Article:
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Cash crunch forces Land Bank to slash lending to farmers- South Africa

The Land Bank, which is in the throes of a liquidity crisis, slashed lending by about two-thirds in the five months to the end of September, starving farmers of capital ahead of the production season for the food staple maize.

The dramatic pull-back came during the height of the coronavirus lockdown and shortly after the state-owned company, whose debt was assigned junk status by Moody’s Investors Service in January, was thrown into financial turmoil after skipping multiple interest payments that triggered a cross-default.

Land Bank head of strategy and communications Sydney Soundy said the 60% drop in the value of loans advanced to farmers during the period was due to the cash crunch.

The bank did not give the value of loans advanced during the period, but in the 2019 financial year it distributed more than R20bn to the agricultural sector in which it holds 29% market share; it also plays an important role in food security.

The sector contributes about 3% to GDP and is responsible for close to 900,000 jobs.

The Land Bank’s liquidity crisis is already testing President Cyril Ramaphosa’s pledge to wean state-owned companies off government bailouts ahead of this week’s medium-term budget policy statement (MTBPS).

In the supplementary budget in June, finance minister Tito Mboweni said the government would allocate R3bn to recapitalise it, and the money has since flowed to the bank. However, it has since asked for an additional R10bn of government support over the next four years.

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Debt restructuring

Soundy said the bank had requested R7bn for 2021/2022, and R1bn per annum for the following three financial years to increase the share of loans advanced to riskier smallholder farmers, which makes up about a fifth of the loan book.

The R7bn is planned to go towards supporting a debt restructuring plan after a series of skipped interest repayments triggered a default on bonds worth R50bn.

The bank has been seeking an additional financial boost after lenders refused to roll over maturing loans. The government has R5.7bn of guaranteed debt in the Land Bank.


Kulani Siweya, an agricultural economist at key industry body Agri SA, told Business Day last week that the failure to capacitate the Land Bank in all aspects will have dire consequences for food security in SA, given the affordable capital the bank extends to farmers.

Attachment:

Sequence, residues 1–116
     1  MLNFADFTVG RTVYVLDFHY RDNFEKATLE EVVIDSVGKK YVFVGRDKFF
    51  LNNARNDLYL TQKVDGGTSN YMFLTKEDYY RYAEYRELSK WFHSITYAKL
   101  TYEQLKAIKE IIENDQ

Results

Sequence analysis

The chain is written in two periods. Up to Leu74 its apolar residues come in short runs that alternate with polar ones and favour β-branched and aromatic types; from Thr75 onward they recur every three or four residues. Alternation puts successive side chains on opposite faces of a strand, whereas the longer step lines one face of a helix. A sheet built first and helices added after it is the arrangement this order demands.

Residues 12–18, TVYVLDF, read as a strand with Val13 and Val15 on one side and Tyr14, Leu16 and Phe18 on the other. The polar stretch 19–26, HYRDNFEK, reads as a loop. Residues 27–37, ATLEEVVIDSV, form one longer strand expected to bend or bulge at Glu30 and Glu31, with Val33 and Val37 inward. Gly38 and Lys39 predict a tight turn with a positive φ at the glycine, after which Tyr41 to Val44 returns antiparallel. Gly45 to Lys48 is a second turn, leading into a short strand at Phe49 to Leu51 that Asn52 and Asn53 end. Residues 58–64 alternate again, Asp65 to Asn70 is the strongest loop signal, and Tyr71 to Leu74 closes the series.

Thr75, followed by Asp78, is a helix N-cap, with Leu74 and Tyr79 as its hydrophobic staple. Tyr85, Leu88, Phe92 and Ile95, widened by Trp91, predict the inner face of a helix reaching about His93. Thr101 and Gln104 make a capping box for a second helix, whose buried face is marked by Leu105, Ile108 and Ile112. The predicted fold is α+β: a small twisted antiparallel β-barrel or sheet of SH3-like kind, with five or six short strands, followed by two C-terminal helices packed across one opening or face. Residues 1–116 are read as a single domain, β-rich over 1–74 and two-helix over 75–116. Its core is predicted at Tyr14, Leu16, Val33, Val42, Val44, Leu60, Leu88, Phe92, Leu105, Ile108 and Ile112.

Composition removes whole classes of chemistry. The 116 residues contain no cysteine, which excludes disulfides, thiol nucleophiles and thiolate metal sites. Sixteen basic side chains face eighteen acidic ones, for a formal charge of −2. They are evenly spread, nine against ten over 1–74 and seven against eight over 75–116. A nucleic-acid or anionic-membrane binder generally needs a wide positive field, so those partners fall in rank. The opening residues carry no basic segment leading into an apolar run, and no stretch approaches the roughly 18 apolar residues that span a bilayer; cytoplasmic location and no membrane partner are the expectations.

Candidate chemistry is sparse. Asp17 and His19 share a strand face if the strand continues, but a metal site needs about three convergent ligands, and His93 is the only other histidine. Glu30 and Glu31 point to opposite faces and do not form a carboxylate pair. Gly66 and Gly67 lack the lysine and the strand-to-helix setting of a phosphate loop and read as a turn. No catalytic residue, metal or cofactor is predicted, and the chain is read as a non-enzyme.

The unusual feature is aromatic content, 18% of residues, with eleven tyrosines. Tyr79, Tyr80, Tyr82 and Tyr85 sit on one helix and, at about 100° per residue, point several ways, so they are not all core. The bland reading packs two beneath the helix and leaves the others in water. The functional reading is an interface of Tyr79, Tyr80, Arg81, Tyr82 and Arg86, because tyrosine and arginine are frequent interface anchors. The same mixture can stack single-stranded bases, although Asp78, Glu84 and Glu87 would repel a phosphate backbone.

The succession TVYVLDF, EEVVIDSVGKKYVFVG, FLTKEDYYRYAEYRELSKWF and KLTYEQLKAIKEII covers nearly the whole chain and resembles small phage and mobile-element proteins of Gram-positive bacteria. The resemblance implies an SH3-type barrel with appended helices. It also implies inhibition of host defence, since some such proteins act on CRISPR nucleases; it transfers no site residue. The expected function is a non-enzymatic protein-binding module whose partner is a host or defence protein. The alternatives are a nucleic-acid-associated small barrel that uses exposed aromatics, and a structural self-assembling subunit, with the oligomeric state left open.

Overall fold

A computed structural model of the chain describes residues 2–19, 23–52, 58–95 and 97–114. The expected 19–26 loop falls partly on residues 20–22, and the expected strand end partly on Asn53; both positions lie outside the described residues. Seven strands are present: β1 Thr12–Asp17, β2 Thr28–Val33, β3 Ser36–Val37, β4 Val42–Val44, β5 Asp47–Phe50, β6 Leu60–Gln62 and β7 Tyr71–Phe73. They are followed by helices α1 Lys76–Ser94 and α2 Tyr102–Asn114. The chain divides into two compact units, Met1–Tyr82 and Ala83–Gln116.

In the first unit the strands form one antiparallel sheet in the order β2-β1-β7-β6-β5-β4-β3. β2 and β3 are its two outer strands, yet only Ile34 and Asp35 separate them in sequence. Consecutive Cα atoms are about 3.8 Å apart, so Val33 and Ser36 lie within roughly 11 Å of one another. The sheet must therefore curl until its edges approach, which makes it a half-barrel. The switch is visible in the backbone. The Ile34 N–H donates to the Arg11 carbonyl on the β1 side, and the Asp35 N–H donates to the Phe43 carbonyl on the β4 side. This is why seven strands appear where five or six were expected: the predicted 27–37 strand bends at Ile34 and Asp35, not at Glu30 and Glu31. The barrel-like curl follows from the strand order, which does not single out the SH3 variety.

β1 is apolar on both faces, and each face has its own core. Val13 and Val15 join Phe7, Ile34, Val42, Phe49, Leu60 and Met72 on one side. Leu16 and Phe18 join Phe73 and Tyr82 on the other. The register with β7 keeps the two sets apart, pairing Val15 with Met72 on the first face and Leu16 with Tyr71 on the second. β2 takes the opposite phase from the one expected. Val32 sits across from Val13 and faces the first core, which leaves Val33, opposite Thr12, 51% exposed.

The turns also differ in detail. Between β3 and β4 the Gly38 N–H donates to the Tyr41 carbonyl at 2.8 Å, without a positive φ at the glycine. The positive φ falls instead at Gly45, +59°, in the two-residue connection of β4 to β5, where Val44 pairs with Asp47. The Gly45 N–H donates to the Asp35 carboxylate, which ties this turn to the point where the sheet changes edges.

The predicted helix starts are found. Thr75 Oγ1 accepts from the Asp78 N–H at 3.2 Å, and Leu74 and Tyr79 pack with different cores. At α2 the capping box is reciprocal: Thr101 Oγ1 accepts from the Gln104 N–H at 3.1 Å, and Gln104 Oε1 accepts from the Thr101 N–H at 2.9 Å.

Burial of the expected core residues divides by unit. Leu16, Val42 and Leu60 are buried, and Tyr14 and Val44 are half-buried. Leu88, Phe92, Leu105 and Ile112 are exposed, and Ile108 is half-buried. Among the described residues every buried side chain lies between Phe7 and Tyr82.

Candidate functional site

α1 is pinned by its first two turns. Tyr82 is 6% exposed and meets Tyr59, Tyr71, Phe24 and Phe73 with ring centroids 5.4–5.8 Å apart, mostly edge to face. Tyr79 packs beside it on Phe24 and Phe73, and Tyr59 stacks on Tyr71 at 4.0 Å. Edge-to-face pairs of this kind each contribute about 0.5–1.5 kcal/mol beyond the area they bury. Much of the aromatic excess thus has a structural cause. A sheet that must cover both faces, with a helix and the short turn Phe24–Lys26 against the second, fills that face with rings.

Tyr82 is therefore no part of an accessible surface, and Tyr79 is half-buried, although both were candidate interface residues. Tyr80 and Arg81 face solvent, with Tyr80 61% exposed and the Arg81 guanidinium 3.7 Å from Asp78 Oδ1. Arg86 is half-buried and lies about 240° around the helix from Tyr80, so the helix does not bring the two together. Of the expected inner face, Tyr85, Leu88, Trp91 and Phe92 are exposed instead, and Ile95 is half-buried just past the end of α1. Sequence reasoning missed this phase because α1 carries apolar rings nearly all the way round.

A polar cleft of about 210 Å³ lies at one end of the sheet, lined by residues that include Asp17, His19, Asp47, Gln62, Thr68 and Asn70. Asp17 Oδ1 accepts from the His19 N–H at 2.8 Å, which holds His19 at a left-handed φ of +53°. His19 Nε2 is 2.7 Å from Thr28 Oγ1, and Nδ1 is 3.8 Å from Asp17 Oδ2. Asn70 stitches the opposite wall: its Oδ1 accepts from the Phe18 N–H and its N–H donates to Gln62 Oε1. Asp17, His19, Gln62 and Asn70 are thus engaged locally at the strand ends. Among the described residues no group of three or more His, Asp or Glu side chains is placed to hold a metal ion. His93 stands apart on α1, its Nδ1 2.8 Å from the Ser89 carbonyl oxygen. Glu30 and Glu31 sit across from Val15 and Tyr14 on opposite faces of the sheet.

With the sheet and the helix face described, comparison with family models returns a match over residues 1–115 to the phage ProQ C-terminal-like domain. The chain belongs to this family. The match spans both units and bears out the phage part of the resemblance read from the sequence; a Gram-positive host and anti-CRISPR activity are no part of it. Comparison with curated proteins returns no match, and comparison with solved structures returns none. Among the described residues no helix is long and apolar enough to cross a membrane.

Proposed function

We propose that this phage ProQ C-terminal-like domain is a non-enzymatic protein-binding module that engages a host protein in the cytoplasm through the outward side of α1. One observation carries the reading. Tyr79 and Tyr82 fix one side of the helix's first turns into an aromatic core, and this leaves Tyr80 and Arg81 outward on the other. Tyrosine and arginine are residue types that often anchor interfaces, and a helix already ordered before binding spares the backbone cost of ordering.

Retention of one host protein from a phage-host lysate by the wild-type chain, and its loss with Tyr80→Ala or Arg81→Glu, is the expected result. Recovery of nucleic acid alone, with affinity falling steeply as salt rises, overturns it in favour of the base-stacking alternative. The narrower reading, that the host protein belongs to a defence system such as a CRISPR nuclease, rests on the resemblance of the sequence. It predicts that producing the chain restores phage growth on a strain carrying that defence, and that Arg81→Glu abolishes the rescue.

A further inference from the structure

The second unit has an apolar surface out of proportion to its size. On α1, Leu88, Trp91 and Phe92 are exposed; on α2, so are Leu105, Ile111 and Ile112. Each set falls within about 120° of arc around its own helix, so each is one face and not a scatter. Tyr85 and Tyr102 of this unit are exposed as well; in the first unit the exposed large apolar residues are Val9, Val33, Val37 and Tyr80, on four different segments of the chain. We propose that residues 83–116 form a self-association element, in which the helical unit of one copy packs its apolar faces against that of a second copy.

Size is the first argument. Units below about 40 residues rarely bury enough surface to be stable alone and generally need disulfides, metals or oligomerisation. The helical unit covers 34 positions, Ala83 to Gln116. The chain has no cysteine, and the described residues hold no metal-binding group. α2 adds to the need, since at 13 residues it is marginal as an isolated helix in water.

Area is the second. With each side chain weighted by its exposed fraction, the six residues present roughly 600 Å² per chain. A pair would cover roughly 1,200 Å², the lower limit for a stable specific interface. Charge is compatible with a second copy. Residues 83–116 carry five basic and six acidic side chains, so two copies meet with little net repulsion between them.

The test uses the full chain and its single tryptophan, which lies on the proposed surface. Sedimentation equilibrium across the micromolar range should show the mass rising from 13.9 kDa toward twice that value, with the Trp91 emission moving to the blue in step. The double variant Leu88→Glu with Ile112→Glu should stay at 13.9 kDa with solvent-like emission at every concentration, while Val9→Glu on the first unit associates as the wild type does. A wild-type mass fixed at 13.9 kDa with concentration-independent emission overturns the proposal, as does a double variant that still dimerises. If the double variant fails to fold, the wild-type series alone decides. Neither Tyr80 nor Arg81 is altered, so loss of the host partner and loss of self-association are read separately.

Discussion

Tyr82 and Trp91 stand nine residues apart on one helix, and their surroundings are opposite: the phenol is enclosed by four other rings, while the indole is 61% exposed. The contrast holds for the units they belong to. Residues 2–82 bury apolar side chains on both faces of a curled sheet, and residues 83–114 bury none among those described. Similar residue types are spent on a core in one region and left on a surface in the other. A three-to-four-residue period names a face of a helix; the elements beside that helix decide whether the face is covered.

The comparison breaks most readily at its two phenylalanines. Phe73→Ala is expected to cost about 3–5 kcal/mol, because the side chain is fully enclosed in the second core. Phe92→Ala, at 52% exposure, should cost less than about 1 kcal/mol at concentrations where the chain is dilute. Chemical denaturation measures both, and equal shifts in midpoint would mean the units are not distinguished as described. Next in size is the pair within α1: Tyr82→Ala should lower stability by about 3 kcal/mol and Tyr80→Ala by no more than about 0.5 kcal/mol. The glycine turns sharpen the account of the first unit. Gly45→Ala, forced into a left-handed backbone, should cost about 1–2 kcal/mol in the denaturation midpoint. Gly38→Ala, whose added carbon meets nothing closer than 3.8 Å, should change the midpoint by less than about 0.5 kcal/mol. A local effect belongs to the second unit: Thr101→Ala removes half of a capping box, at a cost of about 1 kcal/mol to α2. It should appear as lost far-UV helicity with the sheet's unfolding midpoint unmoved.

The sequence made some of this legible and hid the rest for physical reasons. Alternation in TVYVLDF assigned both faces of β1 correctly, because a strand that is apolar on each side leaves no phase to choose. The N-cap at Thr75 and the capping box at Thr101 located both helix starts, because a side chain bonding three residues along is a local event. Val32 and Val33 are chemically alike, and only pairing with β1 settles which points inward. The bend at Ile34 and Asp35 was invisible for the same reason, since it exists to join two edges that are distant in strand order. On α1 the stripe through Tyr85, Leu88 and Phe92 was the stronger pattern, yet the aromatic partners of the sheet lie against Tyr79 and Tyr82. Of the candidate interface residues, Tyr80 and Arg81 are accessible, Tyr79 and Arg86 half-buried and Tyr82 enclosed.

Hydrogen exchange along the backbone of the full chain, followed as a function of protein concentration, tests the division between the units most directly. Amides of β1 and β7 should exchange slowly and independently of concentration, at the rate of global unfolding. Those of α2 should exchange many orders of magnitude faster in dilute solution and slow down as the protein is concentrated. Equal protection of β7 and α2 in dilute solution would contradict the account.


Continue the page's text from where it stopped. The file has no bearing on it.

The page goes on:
"Furthermore, the failure of the Land Bank will compromise transformation and development in the sector," he said.

Siweya said commercial banks were already poaching top-end clients from the Land Bank during the crisis.

"Now with those particular clients coming off the books of the Land Bank, this will further perpetuate the challenges of the [bank] sustaining itself," he said.

"Given this, we believe that the Land Bank should get a bailout from government, given its strategic positioning in the sector and [because] failure to do so threatens food security."

In a market update last week, Wandile Sihlobo, the head of agribusiness research at the Agricultural Business Chamber, said there were growing concerns among various farmers that access to credit in the 2020/2021 production season would prove to be a challenge.

"It appears that the liquidity constraints that are currently facing the Land Bank, coupled with general uncertainty brought by the pandemic, have made various financial institutions more risk averse," he said.

"There is anecdotal evidence from various farmer organisations and agribusinesses that previously worked closely with the Land Bank on providing finance to the sector, who are now worried about the 2020/2021 season."

The government’s crop estimates committee is due to release its forecast for the extent of the area farmers intend planting with maize for the 2020/ 2021 season. A survey by Reuters last week found that they intend planting more maize thanks to strong prices and above-average rainfall.

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